Since the beginning of the Covid-19 pandemic and the surge in remote working, plenty of opinions have emerged on how it impacts productivity and asking if we should all rush back to the office at the first opportunity.

Within these opinions have been various rationales on the difficulties working from home presents, including lack of communication, a drop in productivity and conflict within teams.

Not forgetting the argument for or against managers tracking employees performance, either by installing tracking software to company devices or asking for an hour by hour run down of tasks completed. The latter certainly isn’t something we encourage or use at simplycommunicate.

However, it is important that workplace tech channels and platforms are properly invested in and employees are educated on the purpose of each and how they should work together. This process comes under the ‘governance’ umbrella and is a key consideration for leaders.

So, the question is: if you’re a happy team (like us!) without any of these major problems, what are the everyday challenges that arise whilst working remotely?

We’ve put together 5 challenges we think are the most relatable:

1. Zoom fatigue

Regardless of which video conferencing software you use, most people are familiar with the phrase ‘Zoom fatigue.’ Zoom (or Teams) is great, making it possible for employees to collaborate, share ideas and build relationships whilst working from home. However, being on back-to-back calls all day amounts to a lot of screen time.

The solution: Give your team the freedom and autonomy to say when they’re feeling exhausted. Sometimes, we just need time alone to regroup, reflect and reset our agenda before joining another call.

2. Scheduling conflicts

The wonders of technology have allowed us to co-ordinate our diaries, but sometimes everyone is so busy that it’s impossible to find a time that suits everyone. With various calendar clients offering the ability to see others’ diaries, it’s usually the case that a window of time can be found, even if it’s not as soon as everyone would like.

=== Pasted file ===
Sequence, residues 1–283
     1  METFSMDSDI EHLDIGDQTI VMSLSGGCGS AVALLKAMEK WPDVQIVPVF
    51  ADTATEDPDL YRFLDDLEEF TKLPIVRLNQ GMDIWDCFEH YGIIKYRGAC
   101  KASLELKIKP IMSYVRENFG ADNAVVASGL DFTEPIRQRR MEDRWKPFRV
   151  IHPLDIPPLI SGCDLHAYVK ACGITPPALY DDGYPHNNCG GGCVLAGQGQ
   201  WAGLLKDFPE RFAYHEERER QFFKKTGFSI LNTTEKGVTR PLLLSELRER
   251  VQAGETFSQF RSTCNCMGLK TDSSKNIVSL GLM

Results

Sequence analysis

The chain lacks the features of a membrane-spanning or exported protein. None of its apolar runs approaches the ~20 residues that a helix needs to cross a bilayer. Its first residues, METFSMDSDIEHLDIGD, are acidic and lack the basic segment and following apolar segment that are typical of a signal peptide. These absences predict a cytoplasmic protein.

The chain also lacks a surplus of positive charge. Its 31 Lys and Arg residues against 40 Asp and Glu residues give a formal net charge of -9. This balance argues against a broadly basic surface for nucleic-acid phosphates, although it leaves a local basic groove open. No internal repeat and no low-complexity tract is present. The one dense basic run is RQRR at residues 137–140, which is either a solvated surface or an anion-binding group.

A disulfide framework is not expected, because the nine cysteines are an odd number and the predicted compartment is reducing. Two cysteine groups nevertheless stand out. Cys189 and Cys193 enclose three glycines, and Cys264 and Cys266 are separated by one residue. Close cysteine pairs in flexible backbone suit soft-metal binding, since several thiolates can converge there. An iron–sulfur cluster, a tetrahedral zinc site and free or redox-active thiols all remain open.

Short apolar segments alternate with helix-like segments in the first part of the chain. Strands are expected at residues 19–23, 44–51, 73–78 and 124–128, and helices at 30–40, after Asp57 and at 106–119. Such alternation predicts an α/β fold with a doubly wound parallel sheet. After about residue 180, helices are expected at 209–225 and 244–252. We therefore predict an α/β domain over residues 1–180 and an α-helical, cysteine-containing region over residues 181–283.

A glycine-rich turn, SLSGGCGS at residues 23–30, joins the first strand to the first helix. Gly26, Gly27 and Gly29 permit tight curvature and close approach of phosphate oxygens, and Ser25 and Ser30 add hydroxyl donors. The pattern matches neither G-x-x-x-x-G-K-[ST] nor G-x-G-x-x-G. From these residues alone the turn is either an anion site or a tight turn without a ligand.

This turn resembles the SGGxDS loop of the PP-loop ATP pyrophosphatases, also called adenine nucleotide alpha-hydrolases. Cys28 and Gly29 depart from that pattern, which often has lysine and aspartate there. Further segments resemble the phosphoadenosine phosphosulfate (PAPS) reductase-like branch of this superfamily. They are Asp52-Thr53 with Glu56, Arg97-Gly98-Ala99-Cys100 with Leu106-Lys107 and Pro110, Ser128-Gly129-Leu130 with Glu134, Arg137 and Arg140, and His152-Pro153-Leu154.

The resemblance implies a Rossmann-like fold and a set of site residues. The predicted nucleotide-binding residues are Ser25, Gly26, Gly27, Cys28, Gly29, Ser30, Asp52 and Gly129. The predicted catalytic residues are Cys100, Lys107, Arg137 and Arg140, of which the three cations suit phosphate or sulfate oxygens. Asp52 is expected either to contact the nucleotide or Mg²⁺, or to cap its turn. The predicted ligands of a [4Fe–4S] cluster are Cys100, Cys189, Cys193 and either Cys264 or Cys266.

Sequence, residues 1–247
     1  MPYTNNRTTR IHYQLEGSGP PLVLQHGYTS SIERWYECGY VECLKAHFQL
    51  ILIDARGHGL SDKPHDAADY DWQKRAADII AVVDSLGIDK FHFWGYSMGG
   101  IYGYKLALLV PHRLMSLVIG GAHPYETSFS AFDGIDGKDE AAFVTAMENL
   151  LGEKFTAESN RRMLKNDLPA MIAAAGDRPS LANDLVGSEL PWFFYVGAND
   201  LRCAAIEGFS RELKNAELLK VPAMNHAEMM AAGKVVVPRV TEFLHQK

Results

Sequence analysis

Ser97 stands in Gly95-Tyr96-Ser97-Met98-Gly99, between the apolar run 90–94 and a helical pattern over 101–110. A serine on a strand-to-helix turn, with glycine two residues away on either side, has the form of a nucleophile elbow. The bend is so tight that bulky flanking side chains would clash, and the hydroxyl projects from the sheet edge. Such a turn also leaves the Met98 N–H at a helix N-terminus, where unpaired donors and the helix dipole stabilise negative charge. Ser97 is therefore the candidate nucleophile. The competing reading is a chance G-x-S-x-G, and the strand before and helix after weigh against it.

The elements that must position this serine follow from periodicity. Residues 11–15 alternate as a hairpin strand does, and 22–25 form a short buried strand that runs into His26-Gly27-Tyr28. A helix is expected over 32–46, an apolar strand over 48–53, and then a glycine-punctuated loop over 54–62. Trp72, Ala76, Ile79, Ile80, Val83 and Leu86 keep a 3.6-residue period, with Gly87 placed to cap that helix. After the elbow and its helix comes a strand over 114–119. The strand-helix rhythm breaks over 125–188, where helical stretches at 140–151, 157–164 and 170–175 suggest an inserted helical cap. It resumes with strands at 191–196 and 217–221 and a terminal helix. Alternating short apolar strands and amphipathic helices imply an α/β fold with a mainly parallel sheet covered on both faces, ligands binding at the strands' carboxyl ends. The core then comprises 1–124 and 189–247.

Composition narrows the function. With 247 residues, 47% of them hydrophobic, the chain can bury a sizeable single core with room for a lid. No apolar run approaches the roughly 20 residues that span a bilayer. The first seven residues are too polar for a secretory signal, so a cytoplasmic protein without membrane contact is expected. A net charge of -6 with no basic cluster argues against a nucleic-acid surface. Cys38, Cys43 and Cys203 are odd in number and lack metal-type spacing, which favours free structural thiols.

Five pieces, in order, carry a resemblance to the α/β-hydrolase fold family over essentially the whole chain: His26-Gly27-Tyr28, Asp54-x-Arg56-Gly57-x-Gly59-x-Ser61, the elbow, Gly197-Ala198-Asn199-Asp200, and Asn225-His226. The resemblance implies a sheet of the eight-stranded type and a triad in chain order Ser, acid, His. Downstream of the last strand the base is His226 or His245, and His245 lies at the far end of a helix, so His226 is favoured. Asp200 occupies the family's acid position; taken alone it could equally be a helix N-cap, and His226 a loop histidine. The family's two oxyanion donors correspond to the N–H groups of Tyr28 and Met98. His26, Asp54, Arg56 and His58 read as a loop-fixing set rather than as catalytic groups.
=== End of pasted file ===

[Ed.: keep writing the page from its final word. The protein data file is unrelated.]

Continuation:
The solution: Open up conversations on timings, making sure you’re aware of each individual’s needs. For example, if a member of your team works flexi-hours to allow for home-schooling, you know that they won’t be available in the early morning, which means meetings can be scheduled for the afternoon instead.

3. Technical issues (you’re on mute)

We’ve all been there. We can’t expect everyone to be a pro with technology and sometimes it just doesn’t go right. Aside from the classic ‘you’re on mute!’, there are plenty of other technical issues that we’ve all battled with. Dodgy Wi-Fi connections, forgetting to plug in your charger and sudden software updates to name a few. These factors are out of our control for the most part, but taking extra time to set up your device will help.

The solution: A note for managers to make sure the needs of your teams are well catered for. Some employees may be left behind as they don’t have decent access to broadband. Work with the reward team to see if there may be an option to support team members with internet packages.

4. Inadequate breaks

This is an important consideration for successful homeworking. Being chained to your desk is not conducive to productivity, nor is it any good for your mental health. Getting away from your desk is necessary for wellbeing and helps you to produce better work. Blocking out an hour for lunch should be standard — not eaten at your desk! — as well as regular trips to make a cup of tea or get some fresh air.

The solution: Check in with your team to make sure they’re taking care of themselves and offer extra support if they seem overwhelmed. If possible, allocate ‘meeting free’ days every now and then, where everyone can focus on their work or take an extended break.

5. Distractions

Anything from the doorbell ringing, pets (or children) nagging for food/attention or housemates/family members knocking on the door asking unnecessary questions. Finding a space that is just yours, ideally where you can close the door, will help with focus and avoid one of those live-TV-interview-style embarrassments.

The solution: Don’t draw too much attention to any distractions that may pop up during video calls. They’re sure to happen, but easy to deal with by muting yourself or leaving the call for a few minutes.

If you recognise the challenges we’ve mentioned and would like to read more, you can find out about 5 tools for managing remote teams. Or why not download our free ebook exploring changing working practices.



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